Imagine someone saying the following: “The doctrine of the Trinity is difficult to accept. On the one hand, reason tells me that this doctrine is impossible. Three persons in one being is illogical. On the other hand, the Bible seems to be pointing in the direction of the Trinity. But we have to acknowledge that our human interpretations of the Bible are fallible, so we might be mistaken in believing that God is Triune. I’m faced with a conflict between what reason says and what the Bible appears to be saying. Therefore, I’m going to suspend judgment for the time being. Perhaps in the future there will be more clarity on this matter and then I can make a responsible judgment.” If we heard someone talking like that, we would recognize that there are significant problems in this reasoning. When all the evidence is considered, the Bible is clear about the doctrine of the Trinity. Yes, there have been numerous heretics over the centuries who’ve drawn this doctrine into question. Yet the consensus of the Church has always been that God is Triune. It’s in our creeds and confessions. Christians are called to accept and believe what the Word of God teaches, not to suspend judgment on it. As the Belgic Confession puts it in article 5, “We believe without any doubt all things contained” in these holy and canonical Scriptures. Moreover, we also “reject with all our heart whatever does not agree with this infallible rule” (BC 7). It sounds humble to suspend judgment and it might be when it comes to assertions from human authorities. But when it comes to divinely authoritative Scripture, nothing could be more arrogant.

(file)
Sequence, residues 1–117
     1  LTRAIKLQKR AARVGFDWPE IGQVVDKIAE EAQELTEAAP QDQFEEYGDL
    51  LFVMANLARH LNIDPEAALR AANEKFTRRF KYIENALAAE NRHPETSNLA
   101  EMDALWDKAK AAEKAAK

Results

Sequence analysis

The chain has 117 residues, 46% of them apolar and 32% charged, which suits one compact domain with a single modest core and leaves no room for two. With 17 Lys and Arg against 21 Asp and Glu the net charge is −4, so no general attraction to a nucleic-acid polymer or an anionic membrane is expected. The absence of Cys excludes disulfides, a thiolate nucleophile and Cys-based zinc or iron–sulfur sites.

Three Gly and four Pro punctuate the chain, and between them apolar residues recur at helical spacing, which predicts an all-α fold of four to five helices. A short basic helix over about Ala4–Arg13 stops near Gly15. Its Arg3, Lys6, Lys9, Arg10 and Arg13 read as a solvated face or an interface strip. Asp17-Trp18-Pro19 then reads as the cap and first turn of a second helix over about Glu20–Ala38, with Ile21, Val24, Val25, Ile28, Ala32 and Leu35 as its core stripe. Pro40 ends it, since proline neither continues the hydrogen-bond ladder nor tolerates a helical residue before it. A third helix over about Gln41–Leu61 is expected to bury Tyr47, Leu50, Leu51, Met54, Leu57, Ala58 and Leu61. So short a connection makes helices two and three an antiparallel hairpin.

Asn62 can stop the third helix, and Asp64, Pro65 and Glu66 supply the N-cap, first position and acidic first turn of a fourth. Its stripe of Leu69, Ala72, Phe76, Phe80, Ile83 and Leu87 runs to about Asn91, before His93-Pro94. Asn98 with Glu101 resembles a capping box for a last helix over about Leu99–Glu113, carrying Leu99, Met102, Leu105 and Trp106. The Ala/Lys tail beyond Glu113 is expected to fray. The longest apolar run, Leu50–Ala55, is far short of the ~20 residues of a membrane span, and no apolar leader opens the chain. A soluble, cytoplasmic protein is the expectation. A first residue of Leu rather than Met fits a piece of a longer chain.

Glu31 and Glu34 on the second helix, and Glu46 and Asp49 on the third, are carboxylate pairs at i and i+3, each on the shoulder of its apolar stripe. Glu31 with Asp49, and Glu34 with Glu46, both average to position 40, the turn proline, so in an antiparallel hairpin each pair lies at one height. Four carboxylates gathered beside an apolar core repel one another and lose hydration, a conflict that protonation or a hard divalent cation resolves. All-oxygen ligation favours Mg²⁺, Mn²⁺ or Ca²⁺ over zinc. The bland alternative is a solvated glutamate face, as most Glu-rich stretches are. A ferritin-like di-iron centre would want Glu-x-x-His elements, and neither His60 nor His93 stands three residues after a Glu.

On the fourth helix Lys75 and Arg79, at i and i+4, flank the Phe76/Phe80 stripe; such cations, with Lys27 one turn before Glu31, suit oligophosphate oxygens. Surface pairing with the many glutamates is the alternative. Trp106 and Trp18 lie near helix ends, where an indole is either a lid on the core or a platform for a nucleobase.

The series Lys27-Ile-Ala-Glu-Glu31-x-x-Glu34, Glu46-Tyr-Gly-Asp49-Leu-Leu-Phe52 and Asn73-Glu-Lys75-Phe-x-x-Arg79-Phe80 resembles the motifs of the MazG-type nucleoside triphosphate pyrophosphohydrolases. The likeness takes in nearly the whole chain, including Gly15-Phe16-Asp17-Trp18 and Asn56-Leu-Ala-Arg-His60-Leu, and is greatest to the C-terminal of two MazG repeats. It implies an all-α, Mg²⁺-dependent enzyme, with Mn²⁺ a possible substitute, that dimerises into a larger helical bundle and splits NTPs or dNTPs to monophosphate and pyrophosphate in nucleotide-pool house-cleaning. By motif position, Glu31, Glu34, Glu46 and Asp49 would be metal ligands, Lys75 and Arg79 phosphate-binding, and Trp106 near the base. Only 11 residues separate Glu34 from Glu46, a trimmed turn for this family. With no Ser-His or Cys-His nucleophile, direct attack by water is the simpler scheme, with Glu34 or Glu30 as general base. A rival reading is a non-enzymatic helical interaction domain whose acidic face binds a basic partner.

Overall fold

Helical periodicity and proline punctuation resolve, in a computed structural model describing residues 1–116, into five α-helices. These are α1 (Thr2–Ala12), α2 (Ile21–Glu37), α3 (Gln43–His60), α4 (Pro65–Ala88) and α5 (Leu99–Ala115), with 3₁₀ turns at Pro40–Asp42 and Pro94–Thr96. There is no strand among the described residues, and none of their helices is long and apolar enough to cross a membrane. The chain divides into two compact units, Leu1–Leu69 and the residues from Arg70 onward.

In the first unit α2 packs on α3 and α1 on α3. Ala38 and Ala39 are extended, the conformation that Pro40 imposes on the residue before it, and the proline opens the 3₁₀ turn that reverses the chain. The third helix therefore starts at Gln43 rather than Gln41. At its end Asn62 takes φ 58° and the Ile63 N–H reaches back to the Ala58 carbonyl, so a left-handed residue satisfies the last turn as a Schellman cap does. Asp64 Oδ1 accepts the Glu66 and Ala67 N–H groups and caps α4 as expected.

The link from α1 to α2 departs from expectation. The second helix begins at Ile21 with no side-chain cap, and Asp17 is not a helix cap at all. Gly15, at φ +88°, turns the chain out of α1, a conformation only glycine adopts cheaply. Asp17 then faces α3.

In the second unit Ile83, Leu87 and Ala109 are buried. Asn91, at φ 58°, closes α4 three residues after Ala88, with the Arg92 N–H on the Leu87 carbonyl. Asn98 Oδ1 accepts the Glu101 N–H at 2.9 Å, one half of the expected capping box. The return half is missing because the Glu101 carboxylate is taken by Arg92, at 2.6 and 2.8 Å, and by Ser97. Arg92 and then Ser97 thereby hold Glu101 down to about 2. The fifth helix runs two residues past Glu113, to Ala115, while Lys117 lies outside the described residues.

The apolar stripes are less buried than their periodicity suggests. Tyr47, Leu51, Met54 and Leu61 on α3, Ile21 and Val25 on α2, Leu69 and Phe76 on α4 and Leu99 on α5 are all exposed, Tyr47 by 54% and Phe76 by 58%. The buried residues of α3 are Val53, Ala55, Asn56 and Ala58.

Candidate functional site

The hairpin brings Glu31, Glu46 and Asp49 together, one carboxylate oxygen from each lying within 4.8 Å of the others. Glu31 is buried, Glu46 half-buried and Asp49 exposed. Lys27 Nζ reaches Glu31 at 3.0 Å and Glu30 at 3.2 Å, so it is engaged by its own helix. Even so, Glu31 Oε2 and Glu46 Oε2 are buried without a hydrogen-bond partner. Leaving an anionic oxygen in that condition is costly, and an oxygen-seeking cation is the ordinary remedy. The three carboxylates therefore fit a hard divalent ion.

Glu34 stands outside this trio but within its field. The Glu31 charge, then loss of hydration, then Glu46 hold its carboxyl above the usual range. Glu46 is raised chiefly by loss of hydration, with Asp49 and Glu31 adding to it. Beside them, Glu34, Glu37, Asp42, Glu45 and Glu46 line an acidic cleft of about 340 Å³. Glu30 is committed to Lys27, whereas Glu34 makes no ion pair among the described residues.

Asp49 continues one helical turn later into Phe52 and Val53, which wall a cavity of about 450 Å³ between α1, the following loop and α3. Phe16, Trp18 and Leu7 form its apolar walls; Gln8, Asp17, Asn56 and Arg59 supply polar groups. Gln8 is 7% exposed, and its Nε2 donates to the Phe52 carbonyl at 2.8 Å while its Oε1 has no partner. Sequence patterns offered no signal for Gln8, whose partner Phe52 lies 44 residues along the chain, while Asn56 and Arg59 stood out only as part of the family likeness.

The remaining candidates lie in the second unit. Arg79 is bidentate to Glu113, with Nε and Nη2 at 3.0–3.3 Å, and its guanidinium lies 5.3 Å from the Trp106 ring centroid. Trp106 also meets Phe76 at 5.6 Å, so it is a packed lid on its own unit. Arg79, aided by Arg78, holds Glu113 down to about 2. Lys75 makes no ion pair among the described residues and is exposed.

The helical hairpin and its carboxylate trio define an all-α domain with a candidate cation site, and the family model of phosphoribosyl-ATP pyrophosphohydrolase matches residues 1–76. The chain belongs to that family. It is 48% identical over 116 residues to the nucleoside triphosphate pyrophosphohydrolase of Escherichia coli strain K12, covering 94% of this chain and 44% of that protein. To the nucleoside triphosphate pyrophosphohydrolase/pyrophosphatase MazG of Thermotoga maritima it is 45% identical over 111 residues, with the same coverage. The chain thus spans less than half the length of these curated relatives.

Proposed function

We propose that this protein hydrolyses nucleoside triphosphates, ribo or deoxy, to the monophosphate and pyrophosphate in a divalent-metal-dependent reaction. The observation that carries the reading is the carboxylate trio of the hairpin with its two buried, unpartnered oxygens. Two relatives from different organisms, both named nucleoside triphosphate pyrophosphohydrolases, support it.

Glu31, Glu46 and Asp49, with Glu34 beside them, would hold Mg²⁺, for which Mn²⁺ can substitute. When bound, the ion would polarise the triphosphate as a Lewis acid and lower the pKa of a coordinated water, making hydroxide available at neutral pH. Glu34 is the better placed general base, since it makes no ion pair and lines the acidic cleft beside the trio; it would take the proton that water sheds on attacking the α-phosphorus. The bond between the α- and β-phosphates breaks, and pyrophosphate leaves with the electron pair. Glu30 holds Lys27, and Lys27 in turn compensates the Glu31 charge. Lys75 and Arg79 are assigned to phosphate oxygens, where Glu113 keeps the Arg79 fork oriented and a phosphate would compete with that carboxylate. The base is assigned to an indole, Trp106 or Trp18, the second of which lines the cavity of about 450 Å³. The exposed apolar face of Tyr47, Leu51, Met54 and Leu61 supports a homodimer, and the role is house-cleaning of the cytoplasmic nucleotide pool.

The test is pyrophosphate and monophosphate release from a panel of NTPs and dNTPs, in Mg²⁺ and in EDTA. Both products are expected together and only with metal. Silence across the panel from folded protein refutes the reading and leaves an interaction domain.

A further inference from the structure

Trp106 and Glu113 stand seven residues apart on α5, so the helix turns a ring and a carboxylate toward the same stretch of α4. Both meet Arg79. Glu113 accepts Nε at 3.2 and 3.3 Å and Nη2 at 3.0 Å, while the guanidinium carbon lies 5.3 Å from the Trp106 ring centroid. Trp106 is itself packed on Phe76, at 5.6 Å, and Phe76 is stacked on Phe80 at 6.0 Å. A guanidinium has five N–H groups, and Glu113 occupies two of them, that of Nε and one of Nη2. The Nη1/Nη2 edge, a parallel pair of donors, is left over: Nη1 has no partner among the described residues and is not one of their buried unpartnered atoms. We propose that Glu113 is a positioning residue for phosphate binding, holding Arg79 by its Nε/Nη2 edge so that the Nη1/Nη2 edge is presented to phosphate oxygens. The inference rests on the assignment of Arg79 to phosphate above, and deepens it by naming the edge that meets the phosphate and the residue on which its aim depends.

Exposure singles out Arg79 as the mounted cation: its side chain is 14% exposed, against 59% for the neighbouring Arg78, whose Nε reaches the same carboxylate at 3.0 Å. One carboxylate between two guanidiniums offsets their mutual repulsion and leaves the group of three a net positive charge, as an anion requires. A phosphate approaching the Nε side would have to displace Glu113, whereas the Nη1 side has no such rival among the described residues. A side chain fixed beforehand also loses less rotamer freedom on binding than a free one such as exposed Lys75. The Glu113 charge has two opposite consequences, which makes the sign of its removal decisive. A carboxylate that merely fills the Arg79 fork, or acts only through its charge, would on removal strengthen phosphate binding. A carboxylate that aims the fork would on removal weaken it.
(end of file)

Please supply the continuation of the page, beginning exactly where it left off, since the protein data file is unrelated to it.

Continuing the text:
We can see that suspending judgment is not an option when it comes to the Trinity. Why should it be when it comes to other vital areas of Christian theology, such as origins? I urge you to read this important post from Dr. John Byl illustrating one example of someone trying to argue in this manner and why it doesn’t work.